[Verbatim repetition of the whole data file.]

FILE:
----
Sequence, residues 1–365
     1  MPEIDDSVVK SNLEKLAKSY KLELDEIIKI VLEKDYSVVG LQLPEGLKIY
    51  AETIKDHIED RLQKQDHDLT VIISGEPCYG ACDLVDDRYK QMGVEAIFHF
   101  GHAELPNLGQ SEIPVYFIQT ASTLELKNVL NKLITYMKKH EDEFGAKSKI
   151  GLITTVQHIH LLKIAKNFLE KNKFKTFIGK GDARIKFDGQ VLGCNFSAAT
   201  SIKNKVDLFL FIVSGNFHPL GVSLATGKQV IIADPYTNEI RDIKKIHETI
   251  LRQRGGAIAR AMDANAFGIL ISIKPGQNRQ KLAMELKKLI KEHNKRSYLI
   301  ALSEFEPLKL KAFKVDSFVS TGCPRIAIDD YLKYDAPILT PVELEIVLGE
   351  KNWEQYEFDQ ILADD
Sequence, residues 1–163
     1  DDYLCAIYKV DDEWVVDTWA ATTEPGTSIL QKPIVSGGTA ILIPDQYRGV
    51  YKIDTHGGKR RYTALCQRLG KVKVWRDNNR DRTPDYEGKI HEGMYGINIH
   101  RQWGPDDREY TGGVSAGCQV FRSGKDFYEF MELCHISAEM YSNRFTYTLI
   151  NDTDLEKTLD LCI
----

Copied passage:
Sequence, residues 1–365
     1  MPEIDDSVVK SNLEKLAKSY KLELDEIIKI VLEKDYSVVG LQLPEGLKIY
    51  AETIKDHIED RLQKQDHDLT VIISGEPCYG ACDLVDDRYK QMGVEAIFHF
   101  GHAELPNLGQ SEIPVYFIQT ASTLELKNVL NKLITYMKKH EDEFGAKSKI
   151  GLITTVQHIH LLKIAKNFLE KNKFKTFIGK GDARIKFDGQ VLGCNFSAAT
   201  SIKNKVDLFL FIVSGNFHPL GVSLATGKQV IIADPYTNEI RDIKKIHETI
   251  LRQRGGAIAR AMDANAFGIL ISIKPGQNRQ KLAMELKKLI KEHNKRSYLI
   301  ALSEFEPLKL KAFKVDSFVS TGCPRIAIDD YLKYDAPILT PVELEIVLGE
   351  KNWEQYEFDQ ILADD
Sequence, residues 1–163
     1  DDYLCAIYKV DDEWVVDTWA ATTEPGTSIL QKPIVSGGTA ILIPDQYRGV
    51  YKIDTHGGKR RYTALCQRLG KVKVWRDNNR DRTPDYEGKI HEGMYGINIH
   101  RQWGPDDREY TGGVSAGCQV FRSGKDFYEF MELCHISAEM YSNRFTYTLI
   151  NDTDLEKTLD LCI